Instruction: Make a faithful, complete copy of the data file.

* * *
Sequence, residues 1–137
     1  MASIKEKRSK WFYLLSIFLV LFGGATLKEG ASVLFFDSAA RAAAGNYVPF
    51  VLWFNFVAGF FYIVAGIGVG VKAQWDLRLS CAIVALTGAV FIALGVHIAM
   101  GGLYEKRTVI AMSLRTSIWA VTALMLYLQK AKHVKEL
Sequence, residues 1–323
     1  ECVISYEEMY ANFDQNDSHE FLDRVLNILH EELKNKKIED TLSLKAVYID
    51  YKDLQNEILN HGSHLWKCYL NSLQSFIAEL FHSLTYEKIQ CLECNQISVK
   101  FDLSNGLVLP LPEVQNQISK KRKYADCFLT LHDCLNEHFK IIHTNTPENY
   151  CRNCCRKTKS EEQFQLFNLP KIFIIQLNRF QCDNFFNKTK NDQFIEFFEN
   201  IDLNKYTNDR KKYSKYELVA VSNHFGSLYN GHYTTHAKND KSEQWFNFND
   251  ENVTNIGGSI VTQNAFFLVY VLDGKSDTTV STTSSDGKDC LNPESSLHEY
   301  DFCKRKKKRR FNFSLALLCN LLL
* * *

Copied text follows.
Sequence, residues 1–137
     1  MASIKEKRSK WFYLLSIFLV LFGGATLKEG ASVLFFDSAA RAAAGNYVPF
    51  VLWFNFVAGF FYIVAGIGVG VKAQWDLRLS CAIVALTGAV FIALGVHIAM
   101  GGLYEKRTVI AMSLRTSIWA VTALMLYLQK AKHVKEL
Sequence, residues 1–323
     1  ECVISYEEMY ANFDQNDSHE FLDRVLNILH EELKNKKIED TLSLKAVYID
    51  YKDLQNEILN HGSHLWKCYL NSLQSFIAEL FHSLTYEKIQ CLECNQISVK
   101  FDLSNGLVLP LPEVQNQISK KRKYADCFLT LHDCLNEHFK IIHTNTPENY
   151  CRNCCRKTKS EEQFQLFNLP KIFIIQLNRF QCDNFFNKTK NDQFIEFFEN
   201  IDLNKYTNDR KKYSKYELVA VSNHFGSLYN GHYTTHAKND KSEQWFNFND
   251  ENVTNIGGSI VTQNAFFLVY VLDGKSDTTV STTSSDGKDC LNPESSLHEY
   301  DFCKRKKKRR FNFSLALLCN LLL